• The globalised and ‘melting-pot’ nature of society, and the growing impact of the internet on society (Snow Crash)

All of this brings us, in a roundabout way, to climate fiction and its apparent position as the dominant science-fiction subgenre of our times.

Authors like Margaret Atwood (the MaddAddam trilogy), Kim Stanley Robinson (the Red Mars trilogy, the Science in the Capital series) and Paolo Bacigalupi (The Windup Girl, The Water Knife) have become elders of the climate fiction field, paving the way for others to follow. Their works are both warning and prophecy, asking necessary and urgent questions, positing scenarios and outcomes that many would rather avoid confronting. Some authors have even found their works shoehorned into the ‘literary fiction’ category, such is the growing crossover appeal of the subgenre—in many a reputable bookstore, you’ll find works such as Clare Vaye Watkins’ Gold Fame Citrus and Cormac McCarthy’s The Road shelved in the highfaluting literature section, rather than in the ghettoes of science fiction. Even here in Australia, some science fiction/speculative fiction writers have embraced the trappings and tropes of climate fiction—Steven Amsterdam refreshes the post-apocalyptic subgenre in Things We Didn’t See Coming by having his protagonist live through a series of climate change-induced catastrophes; in Peter Docker’s The Waterboys, climate fiction is one of the many subgenres included in its hybridised form, and the sub-genre’s specific attributes underpin both the novel’s narrative and its world. And if further evidence is needed of climate fiction’s increasing reach and influence, look no further than the fact that the winner of this year’s Hugo Award for Best Novel went to NJ Jemisin for her novel The Fifth Season, which is a richly-detailed and thoroughly terrifying story of a planet undergoing a series of cascading climate change-induced catastrophes.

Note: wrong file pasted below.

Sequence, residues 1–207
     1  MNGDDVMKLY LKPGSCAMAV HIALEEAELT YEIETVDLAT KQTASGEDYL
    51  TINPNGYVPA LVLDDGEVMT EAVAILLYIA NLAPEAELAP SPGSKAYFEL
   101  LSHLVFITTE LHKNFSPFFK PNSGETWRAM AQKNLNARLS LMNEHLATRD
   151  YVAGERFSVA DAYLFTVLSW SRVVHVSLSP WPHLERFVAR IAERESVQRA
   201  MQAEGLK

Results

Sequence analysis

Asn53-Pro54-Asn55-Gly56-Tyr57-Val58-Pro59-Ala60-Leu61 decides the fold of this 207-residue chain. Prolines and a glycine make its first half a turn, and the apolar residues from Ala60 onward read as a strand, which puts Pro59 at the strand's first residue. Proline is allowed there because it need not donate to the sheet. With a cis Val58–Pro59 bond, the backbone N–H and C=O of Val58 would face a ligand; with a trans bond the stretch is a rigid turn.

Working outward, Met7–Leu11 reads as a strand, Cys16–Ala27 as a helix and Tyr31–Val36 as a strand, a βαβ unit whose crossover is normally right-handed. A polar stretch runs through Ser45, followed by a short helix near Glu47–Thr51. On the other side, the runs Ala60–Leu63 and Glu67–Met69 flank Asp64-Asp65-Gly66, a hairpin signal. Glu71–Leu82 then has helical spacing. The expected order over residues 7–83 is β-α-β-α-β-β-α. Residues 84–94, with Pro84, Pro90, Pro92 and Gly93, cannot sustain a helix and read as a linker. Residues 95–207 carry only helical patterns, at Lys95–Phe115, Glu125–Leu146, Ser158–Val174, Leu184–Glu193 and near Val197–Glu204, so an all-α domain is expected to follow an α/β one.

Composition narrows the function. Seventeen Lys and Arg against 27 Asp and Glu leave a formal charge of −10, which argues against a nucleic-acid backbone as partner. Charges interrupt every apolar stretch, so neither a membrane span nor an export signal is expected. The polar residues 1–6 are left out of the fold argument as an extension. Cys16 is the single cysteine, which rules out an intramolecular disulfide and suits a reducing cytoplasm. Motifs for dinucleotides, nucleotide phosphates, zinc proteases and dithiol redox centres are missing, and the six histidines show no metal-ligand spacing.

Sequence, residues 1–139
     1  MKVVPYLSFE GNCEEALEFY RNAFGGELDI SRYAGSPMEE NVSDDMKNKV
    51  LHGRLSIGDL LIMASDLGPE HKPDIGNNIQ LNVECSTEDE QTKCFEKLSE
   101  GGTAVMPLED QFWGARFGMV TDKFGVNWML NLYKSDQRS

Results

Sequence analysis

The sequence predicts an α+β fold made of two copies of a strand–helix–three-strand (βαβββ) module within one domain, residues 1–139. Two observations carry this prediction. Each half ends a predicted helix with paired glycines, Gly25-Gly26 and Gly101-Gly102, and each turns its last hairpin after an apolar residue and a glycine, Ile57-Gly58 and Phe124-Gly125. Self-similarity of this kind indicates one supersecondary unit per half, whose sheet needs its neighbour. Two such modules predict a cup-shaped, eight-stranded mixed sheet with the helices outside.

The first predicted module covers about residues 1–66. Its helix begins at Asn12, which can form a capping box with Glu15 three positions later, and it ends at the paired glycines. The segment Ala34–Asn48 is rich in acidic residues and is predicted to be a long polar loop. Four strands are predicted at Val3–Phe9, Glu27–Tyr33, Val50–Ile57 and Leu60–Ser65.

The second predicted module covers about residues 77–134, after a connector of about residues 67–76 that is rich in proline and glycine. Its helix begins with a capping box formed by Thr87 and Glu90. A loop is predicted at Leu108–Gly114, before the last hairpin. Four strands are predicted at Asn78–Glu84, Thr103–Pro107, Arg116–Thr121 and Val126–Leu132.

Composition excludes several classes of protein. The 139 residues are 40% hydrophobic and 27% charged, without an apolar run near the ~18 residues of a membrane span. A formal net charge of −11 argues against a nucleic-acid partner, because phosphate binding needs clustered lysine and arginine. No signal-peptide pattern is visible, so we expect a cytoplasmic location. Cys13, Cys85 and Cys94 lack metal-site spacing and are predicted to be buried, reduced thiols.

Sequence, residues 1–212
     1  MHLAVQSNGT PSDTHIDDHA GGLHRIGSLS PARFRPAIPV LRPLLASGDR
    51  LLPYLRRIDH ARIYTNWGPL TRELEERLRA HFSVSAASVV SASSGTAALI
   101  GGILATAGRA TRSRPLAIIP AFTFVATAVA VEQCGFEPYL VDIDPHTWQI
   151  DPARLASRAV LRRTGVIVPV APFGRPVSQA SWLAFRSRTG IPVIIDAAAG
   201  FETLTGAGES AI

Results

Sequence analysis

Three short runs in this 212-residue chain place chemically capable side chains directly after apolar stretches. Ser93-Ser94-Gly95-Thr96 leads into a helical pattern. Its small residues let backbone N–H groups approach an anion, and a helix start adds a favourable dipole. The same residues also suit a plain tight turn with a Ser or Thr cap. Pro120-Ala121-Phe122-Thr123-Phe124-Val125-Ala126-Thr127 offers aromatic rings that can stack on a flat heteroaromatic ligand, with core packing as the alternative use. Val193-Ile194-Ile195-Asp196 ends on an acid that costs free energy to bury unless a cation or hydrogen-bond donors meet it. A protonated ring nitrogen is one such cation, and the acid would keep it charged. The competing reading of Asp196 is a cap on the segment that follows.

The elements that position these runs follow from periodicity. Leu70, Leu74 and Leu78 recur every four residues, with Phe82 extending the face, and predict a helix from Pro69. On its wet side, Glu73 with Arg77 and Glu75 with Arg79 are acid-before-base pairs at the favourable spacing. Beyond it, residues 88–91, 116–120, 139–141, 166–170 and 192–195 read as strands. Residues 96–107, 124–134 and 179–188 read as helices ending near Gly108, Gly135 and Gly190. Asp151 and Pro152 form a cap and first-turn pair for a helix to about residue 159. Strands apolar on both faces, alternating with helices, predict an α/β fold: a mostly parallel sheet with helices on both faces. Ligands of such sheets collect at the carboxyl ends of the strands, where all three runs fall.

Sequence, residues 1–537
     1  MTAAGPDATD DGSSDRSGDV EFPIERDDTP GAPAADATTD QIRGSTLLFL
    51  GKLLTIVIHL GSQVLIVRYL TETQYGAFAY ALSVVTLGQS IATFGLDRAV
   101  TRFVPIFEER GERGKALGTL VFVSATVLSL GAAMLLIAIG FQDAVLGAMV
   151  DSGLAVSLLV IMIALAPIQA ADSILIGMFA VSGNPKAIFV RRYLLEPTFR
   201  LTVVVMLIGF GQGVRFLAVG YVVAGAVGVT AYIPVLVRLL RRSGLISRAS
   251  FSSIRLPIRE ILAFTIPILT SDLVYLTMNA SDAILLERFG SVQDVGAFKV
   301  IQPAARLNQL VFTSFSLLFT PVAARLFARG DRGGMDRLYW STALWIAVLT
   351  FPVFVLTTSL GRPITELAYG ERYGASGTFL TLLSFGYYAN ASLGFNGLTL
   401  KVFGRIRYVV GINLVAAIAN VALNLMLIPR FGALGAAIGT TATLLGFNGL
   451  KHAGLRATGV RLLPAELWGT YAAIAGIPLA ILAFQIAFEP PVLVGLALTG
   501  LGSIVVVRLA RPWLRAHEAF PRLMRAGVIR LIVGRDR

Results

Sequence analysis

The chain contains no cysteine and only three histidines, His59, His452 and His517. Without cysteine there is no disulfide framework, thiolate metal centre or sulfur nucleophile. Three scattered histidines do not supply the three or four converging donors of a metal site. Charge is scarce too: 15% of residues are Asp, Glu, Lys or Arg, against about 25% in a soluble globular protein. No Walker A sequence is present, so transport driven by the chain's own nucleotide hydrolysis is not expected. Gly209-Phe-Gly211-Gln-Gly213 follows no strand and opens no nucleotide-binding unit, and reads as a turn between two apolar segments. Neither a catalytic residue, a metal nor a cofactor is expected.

Climate fiction explores the potentially drastic consequences and endpoints of climate change, in terms of its effects on the environment, society and the individual. It tends to be much more realistic in nature; instead of a focus on uber-advanced technologies or outer space, it is all about Earth and our ability to survive and adapt to the environmental devastation we’ve collectively wrought. Some works heavily rely on current scientific theories regarding the consequences of climate change, and on rigorous and realistic extrapolations of these theories; while most tend to examine the political, societal and psychological dimensions of living with a changed climate.

Is climate fiction a brand new subgenre? Or has it just become pre-eminent, befitting the fact that climate change is ‘our’ era-defining global problem (in much the same way as the Cold War during the 1950s and 1980s, as overpopulation and the rise of the counterculture during the 1960s and 1970s, and as the increasing reach of the internet and the globalisation of culture during the 1990s)? While the difference between these two questions may seem slight, what the answer says about the relationship between science fiction and society is important to both fans of the genre and the wider world.

As we all are no doubt aware, climate change isn’t exactly a ‘new’ problem—the by-products and consequences of humanity’s inevitable technological and industrial progress have been having a negative effect on the natural environment for as long as we’ve been around. However, ever since the Industrial Revolution reshaped the world and wrought massive changes to societies and to humanity’s relationship with nature, these effects have steadily become ever-more detrimental to the health of ourselves and our planet. Some far-sighted and thoughtful people saw these changes coming long before the general public did, but their protests and prognostications were mostly confined to the margins and overlooked. However, with the rise of the counterculture in the 1960s came an accompanying rise in the awareness of our collective impact on the environment. This awareness steadily grew throughout the 1970s and 1980s as the evidence of this impact started pouring in, confirming that the damage was becoming worse and that the by-products of our way of life were changing the climate itself. During this initial rise in awareness—and arguably beginning even earlier—certain science-fiction writers could read the writing on the wall (as it were), and created futuristic scenarios and settings that were an extrapolation and forward-projection of humanity’s negative impact on the environment.